No one wants to pay more taxes than required. An IRS audit notice may prove stressful.
While you believe you have carefully reported necessary information, you may start to second guess everything. To minimize the stress, it may help to understand the reasons behind the process.
Why does the IRS audit people?
An audit means that the IRS wants to take a closer look at your tax returns. It requires you to produce evidence of the items you claimed on your return, including charitable contributions and business expenses. Anything you wrote off or anywhere you claim income went that kept it away from tax payments, the IRS expects you to justify.
What happens during an audit?
The IRS may request you send them items in the mail or go to a local office in New York for your audit. The IRS will send you a detailed letter stating the items you need. The reviewer breaks down every element of your return and compares it to the evidence provided. Depending on the extent of the investigation, you may not know the results for several weeks.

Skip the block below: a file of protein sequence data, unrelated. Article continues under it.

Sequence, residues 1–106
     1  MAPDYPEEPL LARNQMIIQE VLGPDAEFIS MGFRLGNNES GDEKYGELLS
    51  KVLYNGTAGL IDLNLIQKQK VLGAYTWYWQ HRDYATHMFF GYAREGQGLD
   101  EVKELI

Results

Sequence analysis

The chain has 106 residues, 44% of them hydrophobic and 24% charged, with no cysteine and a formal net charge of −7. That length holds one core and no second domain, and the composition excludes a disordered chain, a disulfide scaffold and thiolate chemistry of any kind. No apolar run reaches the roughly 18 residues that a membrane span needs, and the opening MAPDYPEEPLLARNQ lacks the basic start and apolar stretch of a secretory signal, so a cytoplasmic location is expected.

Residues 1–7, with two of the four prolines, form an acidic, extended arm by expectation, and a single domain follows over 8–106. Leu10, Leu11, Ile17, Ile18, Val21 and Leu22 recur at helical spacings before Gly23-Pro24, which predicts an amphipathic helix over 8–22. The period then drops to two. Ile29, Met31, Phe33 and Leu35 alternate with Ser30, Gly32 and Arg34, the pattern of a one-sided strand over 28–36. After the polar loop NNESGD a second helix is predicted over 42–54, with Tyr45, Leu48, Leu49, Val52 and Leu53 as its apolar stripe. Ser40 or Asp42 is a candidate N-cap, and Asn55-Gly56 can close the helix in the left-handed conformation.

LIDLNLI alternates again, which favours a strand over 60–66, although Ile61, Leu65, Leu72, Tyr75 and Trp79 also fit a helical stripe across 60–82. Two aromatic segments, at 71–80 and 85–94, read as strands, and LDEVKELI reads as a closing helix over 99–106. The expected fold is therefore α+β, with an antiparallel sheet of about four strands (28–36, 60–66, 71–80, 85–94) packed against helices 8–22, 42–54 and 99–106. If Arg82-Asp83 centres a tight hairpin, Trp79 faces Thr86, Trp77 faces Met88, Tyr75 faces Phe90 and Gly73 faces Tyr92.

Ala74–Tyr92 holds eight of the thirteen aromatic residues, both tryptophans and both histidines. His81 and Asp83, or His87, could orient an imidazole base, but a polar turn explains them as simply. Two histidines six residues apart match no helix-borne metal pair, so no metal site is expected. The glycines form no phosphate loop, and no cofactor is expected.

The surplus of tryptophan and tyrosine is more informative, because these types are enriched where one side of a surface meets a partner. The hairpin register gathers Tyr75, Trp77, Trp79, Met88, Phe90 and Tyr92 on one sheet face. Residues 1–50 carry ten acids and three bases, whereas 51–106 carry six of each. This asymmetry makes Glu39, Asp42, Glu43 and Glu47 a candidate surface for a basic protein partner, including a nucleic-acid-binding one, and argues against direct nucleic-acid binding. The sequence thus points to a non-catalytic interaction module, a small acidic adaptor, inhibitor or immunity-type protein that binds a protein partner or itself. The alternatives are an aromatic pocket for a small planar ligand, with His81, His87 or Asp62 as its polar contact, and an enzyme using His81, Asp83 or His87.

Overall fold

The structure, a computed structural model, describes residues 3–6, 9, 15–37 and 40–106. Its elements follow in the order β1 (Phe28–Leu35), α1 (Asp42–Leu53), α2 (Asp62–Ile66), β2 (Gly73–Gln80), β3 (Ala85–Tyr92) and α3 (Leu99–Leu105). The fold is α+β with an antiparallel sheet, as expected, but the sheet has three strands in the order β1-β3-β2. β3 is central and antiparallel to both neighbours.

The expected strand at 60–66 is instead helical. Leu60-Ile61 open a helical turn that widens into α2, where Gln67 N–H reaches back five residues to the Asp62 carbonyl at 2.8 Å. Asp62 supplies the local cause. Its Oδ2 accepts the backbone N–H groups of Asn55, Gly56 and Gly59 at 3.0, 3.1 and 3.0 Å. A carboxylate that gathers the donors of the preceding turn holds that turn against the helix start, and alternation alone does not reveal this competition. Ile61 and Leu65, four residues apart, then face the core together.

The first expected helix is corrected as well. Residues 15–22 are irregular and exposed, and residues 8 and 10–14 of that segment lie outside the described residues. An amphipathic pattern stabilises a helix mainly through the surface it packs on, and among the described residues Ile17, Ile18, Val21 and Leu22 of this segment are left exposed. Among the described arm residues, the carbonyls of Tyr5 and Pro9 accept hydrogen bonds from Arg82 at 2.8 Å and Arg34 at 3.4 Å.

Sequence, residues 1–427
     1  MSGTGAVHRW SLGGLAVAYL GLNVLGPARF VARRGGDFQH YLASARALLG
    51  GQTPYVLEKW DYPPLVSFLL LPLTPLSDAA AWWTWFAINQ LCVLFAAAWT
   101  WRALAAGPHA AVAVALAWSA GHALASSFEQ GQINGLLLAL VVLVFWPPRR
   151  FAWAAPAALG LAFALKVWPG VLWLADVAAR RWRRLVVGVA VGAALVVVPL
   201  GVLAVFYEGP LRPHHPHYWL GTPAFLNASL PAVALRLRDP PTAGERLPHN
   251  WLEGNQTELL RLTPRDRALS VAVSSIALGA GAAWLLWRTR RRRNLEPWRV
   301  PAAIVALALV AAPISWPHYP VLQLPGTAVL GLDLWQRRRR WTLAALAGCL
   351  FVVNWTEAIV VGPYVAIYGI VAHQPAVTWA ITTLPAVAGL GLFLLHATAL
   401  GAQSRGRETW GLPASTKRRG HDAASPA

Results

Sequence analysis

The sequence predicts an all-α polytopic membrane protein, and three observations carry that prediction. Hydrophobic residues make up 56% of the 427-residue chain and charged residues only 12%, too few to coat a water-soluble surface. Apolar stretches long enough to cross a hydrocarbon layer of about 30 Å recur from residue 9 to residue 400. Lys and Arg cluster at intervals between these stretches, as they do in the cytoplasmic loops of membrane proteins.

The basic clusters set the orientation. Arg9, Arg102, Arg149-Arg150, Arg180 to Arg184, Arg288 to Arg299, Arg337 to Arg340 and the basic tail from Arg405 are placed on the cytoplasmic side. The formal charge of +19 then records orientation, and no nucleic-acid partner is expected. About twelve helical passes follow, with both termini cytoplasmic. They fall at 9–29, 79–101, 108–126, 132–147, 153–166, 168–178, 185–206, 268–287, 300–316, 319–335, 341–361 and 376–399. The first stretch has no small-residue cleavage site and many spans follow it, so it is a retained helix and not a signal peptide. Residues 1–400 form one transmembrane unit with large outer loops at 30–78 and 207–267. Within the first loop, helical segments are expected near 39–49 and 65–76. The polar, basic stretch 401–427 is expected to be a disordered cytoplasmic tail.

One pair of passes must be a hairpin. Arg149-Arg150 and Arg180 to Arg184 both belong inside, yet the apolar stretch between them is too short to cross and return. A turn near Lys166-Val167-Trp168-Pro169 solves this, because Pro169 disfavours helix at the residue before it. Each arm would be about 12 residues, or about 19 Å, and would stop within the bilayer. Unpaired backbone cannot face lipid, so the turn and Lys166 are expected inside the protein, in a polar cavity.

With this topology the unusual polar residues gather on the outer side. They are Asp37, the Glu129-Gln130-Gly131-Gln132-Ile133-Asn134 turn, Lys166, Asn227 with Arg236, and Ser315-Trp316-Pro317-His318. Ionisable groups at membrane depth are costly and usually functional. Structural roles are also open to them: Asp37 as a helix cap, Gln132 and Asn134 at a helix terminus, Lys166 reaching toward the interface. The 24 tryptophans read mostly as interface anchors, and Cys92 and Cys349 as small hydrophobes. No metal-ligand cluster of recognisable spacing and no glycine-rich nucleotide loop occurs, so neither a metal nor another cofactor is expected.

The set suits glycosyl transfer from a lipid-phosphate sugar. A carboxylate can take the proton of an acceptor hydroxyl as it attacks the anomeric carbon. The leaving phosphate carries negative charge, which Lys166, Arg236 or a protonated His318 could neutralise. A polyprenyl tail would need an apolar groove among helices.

What is the result of an audit?
Once your auditor finishes, you will receive a statement setting out the conclusion. In this document, the IRS representative will give you the final breakdown of how much you owe versus what you paid. If you owe the IRS more money, you must remit payment within the time allowed or set up a plan. You may disagree with the IRS findings and request mediation.
The IRS has a limited timeframe within which to work for auditing returns. There is also a process that allows you to have representation before them to ensure everything goes according to the law.